Attorney-at-Law

CONFLATION

In Uncategorized on 03/22/2019 at 16:20

It’s common for pro se petitioners (and even Tax Court admittees, occasionally) to conflate poor l’il ole Article I Tax Court with its much more puissant companions, the Article IIIs, like the USDCs and CCAs. Today I have just one example, Victor Maurice Brown & Kimberly Denise Brown, Docket 20102-17, filed 3/22/19.

Vic & Kim want damages from Kim’s former employer. They want to litigate a year as to which IRS conceded the deficiency. They want withdrawal of a tax lien for a different year when they had a SNOD, which they didn’t timely petition, and a NITL, which they also failed to petition timely. They may have gotten a NOD from an equivalent hearing, but that avails them not.

So whatever IRS did after that is not for Tax Court. They also want filing fees for an amended 1040s for the two years, although they never filed such amendments or amended their petition. And they want an agreed set of facts.

Judge David Gustafson, whose obliging nature has furnished this blogger with a cornucopia of blogfodder, cannot help Vic & Kim.

“We do not have jurisdiction to adjudicate any disputes between the Ms. Brown and her former employer nor to award Ms. Brown any damages from her former employer. (Their citation in this connection to the Federal Rules of Civil Procedure is wide of the mark. The Tax Court operates under its own rules, which make no provision for ordering a third party to be a defendant.) In the absence of a timely CDP request, a notice of determination pursuant to section 6320(a)(1) or 6330(a)(1), and a timely petition challenging such a determination, we do not have jurisdiction over any contention as to IRS liens, levies, or other collection activity. We do not have jurisdiction to award fees for filing amended tax returns nor any other fees other than those that might be allowed pursuant to section 7430. In the Tax Court it is the judge who makes the findings of fact, see sec. 7459(b), and the Tax Court is not authorized to conduct jury trials. The Anti-Injunction Act (sec. 7421) generally prohibits injunctions against the IRS, and the Browns showed no exception applicable here to that general rule.” Order, at pp. 5-6.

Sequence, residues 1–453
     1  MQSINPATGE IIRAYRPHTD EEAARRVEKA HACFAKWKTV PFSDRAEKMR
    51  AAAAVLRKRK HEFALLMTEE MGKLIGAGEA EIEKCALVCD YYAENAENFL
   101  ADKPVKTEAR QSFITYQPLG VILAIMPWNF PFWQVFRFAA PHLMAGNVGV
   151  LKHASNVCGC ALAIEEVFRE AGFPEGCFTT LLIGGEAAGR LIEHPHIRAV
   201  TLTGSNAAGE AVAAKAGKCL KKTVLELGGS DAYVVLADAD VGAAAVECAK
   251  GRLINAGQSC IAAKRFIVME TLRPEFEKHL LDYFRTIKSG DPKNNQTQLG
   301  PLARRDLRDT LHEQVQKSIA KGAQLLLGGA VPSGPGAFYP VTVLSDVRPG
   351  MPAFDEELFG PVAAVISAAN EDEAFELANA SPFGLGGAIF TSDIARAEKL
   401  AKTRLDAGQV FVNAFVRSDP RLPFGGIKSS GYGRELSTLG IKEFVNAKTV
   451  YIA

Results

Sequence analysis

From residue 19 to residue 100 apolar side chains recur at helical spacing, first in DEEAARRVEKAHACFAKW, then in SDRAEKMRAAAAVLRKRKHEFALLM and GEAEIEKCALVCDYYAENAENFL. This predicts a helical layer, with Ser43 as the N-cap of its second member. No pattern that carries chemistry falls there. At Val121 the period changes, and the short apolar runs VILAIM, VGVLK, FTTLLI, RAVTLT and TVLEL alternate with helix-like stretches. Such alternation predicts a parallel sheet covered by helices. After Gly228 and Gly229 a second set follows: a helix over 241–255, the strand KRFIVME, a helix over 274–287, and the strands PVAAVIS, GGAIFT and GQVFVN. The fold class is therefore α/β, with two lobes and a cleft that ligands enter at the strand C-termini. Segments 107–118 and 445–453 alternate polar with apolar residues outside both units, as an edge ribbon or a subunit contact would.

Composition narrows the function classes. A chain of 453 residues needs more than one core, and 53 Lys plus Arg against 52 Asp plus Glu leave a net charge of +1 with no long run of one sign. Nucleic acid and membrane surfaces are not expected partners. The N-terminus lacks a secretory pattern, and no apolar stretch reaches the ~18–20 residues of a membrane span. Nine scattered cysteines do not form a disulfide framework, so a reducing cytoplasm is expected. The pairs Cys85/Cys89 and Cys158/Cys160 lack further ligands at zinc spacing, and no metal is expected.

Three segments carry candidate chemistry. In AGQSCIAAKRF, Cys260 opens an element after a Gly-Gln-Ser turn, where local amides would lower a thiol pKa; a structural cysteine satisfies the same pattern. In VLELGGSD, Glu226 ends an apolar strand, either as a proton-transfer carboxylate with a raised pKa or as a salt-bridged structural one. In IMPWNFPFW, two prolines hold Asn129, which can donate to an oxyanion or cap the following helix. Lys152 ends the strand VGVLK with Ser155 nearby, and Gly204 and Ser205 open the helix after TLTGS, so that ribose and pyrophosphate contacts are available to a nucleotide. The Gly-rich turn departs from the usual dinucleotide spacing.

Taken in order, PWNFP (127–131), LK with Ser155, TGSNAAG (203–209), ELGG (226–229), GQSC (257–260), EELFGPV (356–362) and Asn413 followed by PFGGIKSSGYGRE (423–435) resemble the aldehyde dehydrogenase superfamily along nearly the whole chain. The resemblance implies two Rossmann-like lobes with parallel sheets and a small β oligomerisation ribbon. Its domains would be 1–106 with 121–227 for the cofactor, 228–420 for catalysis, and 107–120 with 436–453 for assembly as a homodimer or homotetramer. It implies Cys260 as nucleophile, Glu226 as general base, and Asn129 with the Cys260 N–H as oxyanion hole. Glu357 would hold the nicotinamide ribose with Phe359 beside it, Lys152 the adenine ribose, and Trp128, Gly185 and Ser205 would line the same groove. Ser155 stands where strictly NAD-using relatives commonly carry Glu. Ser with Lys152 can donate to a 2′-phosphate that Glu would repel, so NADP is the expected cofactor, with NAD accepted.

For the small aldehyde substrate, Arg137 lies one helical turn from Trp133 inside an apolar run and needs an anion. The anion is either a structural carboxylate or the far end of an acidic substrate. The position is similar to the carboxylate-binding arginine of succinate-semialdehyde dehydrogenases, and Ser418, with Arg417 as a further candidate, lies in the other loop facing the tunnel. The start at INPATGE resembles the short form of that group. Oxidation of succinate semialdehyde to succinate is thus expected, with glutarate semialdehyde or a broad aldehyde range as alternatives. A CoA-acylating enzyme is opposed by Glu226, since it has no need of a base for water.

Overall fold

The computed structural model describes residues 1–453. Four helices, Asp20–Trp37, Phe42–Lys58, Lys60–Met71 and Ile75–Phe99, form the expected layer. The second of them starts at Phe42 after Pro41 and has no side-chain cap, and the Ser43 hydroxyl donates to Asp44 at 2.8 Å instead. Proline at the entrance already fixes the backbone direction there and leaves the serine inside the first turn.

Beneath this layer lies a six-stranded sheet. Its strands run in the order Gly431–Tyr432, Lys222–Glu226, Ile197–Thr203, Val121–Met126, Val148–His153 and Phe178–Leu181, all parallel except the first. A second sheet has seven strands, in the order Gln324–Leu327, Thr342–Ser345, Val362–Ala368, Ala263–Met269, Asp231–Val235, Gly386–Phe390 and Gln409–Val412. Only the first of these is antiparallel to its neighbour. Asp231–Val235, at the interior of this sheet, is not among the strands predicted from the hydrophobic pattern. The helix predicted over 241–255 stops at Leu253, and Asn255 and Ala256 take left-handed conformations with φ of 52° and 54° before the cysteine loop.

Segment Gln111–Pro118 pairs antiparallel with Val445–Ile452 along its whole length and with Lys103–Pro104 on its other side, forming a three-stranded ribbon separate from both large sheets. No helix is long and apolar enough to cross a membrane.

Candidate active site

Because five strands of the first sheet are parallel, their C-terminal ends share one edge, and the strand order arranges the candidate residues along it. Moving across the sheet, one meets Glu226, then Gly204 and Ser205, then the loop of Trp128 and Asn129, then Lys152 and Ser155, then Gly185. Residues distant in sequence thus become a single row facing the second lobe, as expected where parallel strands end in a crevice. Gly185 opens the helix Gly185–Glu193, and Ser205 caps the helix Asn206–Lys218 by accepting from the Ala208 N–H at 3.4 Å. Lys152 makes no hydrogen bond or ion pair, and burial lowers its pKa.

It’s true Vic & Kim did raise one year timely, but that was the one IRS conceded. “By attaching to their petition the … notice of deficiency, the Browns did properly invoke our jurisdiction to redetermine the… deficiency that the IRS determined against them in [sic]. However, in view of the Commissioner’s concession of that deficiency, there is nothing left for us to decide.” Order, at p. 6.

IRS moves to toss Vic’s & Kim’s Rule 91(f) OSC, to enter decision and to quash a subpoena Vic & Kim served.

“The Browns’ response to the motion for entry of decision and their motion for an order to show cause state issues that they call ‘new matter’—a phrase they draw from Rule 142(a), which they believe to be issues we should decide in this case. They evidently misunderstand Rule 142(a), in which ‘new matter’ consists of issues raised by the Commissioner beyond what the IRS asserted in the notice of deficiency. Moreover, the Browns have never moved for leave to amend their petition to add any new basis for relief. However, we cannot tell whether any of the ‘new matter’ really is new or is instead a rehashing or elaboration of the allegations in their petition. In any event, we cannot discern in their filings any issue within our jurisdiction that relates to their [conceded] tax year and that would not be resolved by our entry of a decision of zero deficiency.” Order, at p. 6. (Emphasis by the Court).

As for the subpoena, Vic & Kim didn’t proffer the witness and mileage fees required by Rule 148, asked for the documents to be produced at IRS counsel’s office and not at the courtroom at trial, and was overbroad because it included requests for documents relating to the out-of-jurisdiction year. Anyway, it’s moot as the out-of-jurisdiction year is off the table, and the in-jurisdiction year is moot.

Tax Court – the “sixty-buck ticket to justice” – is a first-class minefield.

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